The Adelphi continuously operated as a hotel throughout the late-19th century, 20th century and into the early 21st century and, consequently, had been significantly altered throughout the interior to keep up with changing tastes and styles. The vestibule, lobby and flanking public spaces reflected a succession of changes to floor plan and modern finishes existed throughout the building, which were tired and dated. On the upper floors, the corridors remained largely intact, though the guest rooms were extensively altered by previous owners. After nearly a century-and-a-half, the building has undergone a series renovation campaigns and little historic fabric remained intact. Overall, the building did not present the image of a luxury hotel.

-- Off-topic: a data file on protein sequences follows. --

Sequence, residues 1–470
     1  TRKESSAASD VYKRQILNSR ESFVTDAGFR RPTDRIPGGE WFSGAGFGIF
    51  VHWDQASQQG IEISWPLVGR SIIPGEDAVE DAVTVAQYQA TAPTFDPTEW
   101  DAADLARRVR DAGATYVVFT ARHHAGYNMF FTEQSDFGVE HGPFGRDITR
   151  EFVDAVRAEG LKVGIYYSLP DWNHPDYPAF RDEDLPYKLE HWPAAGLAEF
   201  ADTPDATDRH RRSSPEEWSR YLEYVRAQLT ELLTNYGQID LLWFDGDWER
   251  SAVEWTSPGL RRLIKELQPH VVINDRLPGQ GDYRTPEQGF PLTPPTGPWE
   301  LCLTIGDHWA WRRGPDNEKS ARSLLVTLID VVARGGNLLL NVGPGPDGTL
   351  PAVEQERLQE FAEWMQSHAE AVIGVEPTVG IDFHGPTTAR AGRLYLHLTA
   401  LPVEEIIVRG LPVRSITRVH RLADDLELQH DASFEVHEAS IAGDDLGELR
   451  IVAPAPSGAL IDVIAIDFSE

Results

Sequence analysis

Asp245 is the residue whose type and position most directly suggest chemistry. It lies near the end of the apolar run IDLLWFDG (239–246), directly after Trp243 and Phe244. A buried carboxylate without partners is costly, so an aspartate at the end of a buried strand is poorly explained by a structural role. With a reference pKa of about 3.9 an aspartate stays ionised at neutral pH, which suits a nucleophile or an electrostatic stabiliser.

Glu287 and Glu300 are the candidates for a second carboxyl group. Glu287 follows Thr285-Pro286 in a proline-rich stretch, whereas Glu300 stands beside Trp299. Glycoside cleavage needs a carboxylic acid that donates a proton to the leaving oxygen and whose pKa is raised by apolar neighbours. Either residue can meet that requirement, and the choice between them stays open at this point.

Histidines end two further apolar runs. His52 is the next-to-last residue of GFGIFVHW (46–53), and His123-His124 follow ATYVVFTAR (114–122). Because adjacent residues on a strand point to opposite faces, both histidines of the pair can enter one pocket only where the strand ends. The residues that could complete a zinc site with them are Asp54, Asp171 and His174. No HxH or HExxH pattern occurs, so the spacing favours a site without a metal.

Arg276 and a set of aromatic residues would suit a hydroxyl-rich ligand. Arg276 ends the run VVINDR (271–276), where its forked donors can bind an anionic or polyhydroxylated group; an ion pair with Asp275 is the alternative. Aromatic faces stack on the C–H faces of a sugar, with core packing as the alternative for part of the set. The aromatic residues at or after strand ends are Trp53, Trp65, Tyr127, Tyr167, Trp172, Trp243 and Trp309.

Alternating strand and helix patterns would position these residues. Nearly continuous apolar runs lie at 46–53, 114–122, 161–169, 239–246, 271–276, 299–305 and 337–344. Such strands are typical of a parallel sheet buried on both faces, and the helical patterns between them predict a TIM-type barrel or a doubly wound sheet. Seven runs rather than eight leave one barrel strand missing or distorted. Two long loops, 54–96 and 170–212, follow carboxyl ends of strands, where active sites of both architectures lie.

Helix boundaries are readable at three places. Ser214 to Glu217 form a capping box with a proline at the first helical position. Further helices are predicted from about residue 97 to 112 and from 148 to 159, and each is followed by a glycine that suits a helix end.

Journal February 2018 Historic Toobox photo 2

Image: Courtesy of The Adelphi Hotel
The Adelphi Hotel in Saratoga Springs, N.Y., was modernized with extensive updates that required working with the National Park Service.

In order to meet the needs of a modern hotel and rejuvenate the tired spaces, the design team developed plans that sought to capture its former glory while presenting a modern, upscale appearance that incorporated modern hotel amenities. Historic research was undertaken and determined that extensive changes over time had occurred, particularly at the first floor. On the upper floors, it was determined that the corridors remained intact, though the guest rooms were modified in both plan and design. Understanding what was historic and what was added later was critical to informing the project team where latitude for change could be reasonably anticipated and where extensive change was not likely to be approved.